Sunday, October 25, 2009

Publishing in 2010: Part 1

When we look around the book industry today we see constant and accelerating change, which is often in conflict with previous changes, or the current practices. It could be viewed by some as the Wild West as we see retailer fighting retailer, publisher fighting publisher and new entrants fighting to dominate all not with content, but price, exclusive deals and even loss leading strategies. We find ourselves asking what the industry will look like in 3, 5, 10 years.

This current battleground may appear to be digital against physical, it may appear to be a grab for market share and it may appear all to be focused at the consumer end today, but the reality it is about and effects the total value chain from author to reader and the life cycle not just about front list but books and content in many forms and dating back forever.

The first thing we all must recognise that we have long advocated is that Digital Publishing is Publishing. Publishing may become Digital Publishing but isn’t today.
So what are the changes we need to watch and why? What may appear a single issue has the potential to change and challenge what we know and do today?

1. Pricing.

In another time and another industry we worked within one of the major retail operations and did so during a time of a price war. At the start there were six competitors all with different consumer propositions. At the end there were just two. What you quickly learnt was that price sensitivity only effected a small fraction of the 50,000 lines and that broad discounting effectively loss margin and was counterproductive. We had to move from discounting wars to everyday low prices and that is and was a challenge. The other thing we learnt was that the only winners were those with deep pockets and consumers who were not really that price sensitive in the first place!

The book industry does not have deep pockets. The consumer does not know the price of a particular book in a particular format and there are no real price points yet.
Pricing effects the margin up the chain and if pricing sensibility is not practiced then there will be many casualties. It isn’t just about independent bookstores, it threatens distributors, wholesalers, printers, publishers, agents and authors. Discount pricing in a many to many supply chain where the channel consists of thousands of publishers feeding thousands of resellers is a recipe for casualties in all areas, full stop. It will also lead to more not less waste as sales become more volatile and print runs smaller and more volatile.

2. Blockbuster and celebrity.

The booktrade has always worked on the 80/20 principle, if not the 90/10 one. Here the majority of the volume in terms of units and sales is made by the few. It is a fine balance that in fact allows for a broad and deep range which is effectively subsidised by the winners.

However, if you change that balance and do so too quickly you can screw it for all. Selling volume at lower margin works but works best if higher margin is achieved on the others and a greater volume of sales is made across the total range. We know the book market is effectively flat so the overall impact challenges the validity of those that once made it broad and deep.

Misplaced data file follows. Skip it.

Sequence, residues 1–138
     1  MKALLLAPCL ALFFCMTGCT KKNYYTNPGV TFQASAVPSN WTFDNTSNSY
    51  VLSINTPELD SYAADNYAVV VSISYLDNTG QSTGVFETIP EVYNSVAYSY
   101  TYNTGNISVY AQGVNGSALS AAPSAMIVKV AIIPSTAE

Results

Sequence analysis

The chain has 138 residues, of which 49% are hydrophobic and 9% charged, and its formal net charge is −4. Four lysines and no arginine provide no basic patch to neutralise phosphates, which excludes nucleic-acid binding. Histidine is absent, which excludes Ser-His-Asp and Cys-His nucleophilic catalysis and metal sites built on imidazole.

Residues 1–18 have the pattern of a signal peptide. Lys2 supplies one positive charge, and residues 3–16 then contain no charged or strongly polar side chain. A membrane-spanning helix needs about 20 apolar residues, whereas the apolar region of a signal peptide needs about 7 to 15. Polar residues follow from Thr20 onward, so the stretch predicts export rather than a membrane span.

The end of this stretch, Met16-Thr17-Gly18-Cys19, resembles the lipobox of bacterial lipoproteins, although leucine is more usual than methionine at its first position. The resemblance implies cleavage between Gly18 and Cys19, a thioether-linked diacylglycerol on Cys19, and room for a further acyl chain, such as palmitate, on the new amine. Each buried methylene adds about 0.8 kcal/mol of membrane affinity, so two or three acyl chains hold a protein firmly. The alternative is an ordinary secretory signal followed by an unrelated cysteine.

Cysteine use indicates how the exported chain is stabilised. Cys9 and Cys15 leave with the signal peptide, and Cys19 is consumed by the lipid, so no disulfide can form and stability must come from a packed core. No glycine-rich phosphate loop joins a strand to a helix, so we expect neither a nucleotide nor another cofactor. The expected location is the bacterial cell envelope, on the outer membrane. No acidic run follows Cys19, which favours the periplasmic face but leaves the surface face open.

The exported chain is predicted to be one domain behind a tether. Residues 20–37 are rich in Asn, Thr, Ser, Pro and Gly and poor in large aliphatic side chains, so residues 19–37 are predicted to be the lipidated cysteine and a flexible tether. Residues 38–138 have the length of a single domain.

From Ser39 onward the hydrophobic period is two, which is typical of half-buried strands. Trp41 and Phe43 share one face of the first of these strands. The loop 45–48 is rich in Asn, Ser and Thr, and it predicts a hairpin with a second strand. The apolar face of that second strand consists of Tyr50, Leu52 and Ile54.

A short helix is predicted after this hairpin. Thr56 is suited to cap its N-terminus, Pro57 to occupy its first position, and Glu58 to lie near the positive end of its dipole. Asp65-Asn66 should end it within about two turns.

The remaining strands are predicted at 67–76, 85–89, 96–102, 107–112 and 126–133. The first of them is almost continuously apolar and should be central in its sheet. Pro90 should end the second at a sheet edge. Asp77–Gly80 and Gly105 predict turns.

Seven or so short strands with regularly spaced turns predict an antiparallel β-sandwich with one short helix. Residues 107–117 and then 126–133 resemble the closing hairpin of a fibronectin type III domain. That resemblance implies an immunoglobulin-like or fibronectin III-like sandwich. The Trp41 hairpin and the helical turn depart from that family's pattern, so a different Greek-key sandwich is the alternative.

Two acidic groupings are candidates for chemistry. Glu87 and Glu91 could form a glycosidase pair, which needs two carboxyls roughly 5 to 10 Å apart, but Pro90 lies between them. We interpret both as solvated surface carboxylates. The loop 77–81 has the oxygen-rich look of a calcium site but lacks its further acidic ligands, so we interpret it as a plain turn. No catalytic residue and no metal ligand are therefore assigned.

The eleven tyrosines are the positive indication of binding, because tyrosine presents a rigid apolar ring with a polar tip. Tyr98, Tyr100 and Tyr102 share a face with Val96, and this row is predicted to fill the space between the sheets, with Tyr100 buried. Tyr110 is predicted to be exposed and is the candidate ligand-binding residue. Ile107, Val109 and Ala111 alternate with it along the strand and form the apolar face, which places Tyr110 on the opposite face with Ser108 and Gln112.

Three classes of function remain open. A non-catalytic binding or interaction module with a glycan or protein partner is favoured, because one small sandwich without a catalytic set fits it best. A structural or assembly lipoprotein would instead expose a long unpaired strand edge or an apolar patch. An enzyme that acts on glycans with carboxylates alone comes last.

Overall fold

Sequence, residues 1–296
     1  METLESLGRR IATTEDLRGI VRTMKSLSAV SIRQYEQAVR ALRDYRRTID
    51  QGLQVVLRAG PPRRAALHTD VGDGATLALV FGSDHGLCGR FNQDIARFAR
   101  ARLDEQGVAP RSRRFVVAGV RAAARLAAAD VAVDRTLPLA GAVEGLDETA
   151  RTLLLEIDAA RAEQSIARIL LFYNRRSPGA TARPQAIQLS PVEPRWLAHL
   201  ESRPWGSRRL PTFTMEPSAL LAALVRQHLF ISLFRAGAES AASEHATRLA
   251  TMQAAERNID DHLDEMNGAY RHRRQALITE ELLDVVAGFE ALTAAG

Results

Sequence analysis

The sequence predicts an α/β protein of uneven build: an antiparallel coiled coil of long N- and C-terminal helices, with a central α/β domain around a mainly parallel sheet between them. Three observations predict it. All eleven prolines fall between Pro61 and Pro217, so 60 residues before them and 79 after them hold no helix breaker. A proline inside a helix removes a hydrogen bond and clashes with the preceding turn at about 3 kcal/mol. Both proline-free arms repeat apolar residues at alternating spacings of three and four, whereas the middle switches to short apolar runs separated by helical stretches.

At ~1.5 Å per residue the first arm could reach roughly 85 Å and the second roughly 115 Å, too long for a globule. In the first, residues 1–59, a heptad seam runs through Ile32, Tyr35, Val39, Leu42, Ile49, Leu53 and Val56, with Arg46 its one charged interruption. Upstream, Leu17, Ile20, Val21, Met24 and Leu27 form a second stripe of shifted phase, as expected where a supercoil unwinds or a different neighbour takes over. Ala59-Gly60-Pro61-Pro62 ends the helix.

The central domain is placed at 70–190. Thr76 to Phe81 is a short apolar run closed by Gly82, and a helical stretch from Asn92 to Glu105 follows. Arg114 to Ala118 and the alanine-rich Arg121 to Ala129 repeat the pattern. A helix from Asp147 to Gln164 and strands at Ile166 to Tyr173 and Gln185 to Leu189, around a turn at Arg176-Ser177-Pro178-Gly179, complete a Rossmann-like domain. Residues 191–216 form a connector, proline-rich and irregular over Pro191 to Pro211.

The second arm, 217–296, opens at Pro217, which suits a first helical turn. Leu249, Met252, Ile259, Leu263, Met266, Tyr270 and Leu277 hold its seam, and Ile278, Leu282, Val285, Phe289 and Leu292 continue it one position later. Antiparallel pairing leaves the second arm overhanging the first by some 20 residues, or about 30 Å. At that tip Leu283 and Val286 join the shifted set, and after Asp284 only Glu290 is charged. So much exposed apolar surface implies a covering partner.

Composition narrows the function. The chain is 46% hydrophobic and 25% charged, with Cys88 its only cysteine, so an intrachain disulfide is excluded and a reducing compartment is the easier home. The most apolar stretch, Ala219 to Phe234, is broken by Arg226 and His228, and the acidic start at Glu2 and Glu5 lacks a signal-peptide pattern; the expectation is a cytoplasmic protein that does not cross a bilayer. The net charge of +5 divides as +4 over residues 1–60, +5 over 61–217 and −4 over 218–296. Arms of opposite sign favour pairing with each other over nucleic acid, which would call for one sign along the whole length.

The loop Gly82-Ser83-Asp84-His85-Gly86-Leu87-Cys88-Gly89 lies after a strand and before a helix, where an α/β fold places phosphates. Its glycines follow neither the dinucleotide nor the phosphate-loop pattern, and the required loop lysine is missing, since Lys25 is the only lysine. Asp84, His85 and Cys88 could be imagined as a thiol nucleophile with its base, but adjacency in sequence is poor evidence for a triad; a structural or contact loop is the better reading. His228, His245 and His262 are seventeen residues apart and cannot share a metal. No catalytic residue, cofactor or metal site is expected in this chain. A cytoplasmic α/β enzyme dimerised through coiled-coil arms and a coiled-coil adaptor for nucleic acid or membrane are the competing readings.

We also have seen the recent backlash to the dumbing down, or the Katie Price manufactured hit. Books aren’t Baked Beans.

In part 2 we aim to look at the issues of content on demand and consolidation.


Chris Kubica said...

The "chain" has too many links. All we really need is authors, readers and an e-platform to support their interconnections. Maybe a few freelance editors, too.

Chris Kubica

jcraig said...

"It isn’t just about independent bookstores, it threatens distributors, wholesalers, printers, publishers, agents and authors."

Martyn, you couldn't have said it any better! Those deep discounts that the Amazons, Walmarts, and other giant retailers offer can and will have a food chain type domino effect...

Will quality across the board be sacrificed, as it has in the music industry?

Publishers need to wake up, NOW, and deal with the elephants in the room.

@Chris Kubica, yes, a new platform is a great idea, but it was needed yesterday...With all the social media stuff out there, and apps, I think it's possible, someone, just one person needs to get innovative enough to pull it off.

I hope all the dedicated authors and good publishers do not get hurt in the long run..I'm staying tuned for part 2...

Chris Kubica said...

@jcraig I'm working on this:

How does *IT* sound? :)


Katy said...

Great article Martyn. I think you are spot on about the negative effect of the collapse of the net book agreement on pricing. A particularly telling example was the copies of The Lost Symbol flying off the shelves at £5, discounted from near £20. A book that people are that desperate to read should be able to hold its price, especially so soon after release.

You might be interested in the piece we did over on the fifthestate blog, where staff and asociates of HarperCollins UK predicted what they thought the future of publishing would look like.

Nic Boshart said...

@chris I agree that in some ways publishing is bloated, but I think production people will and should have a role. Design, editing, proofing, these are all things that should not be devalued if you care about quality of writing and presentation.

Crowd-sourcing and quid-pro-quo production takes away expertise.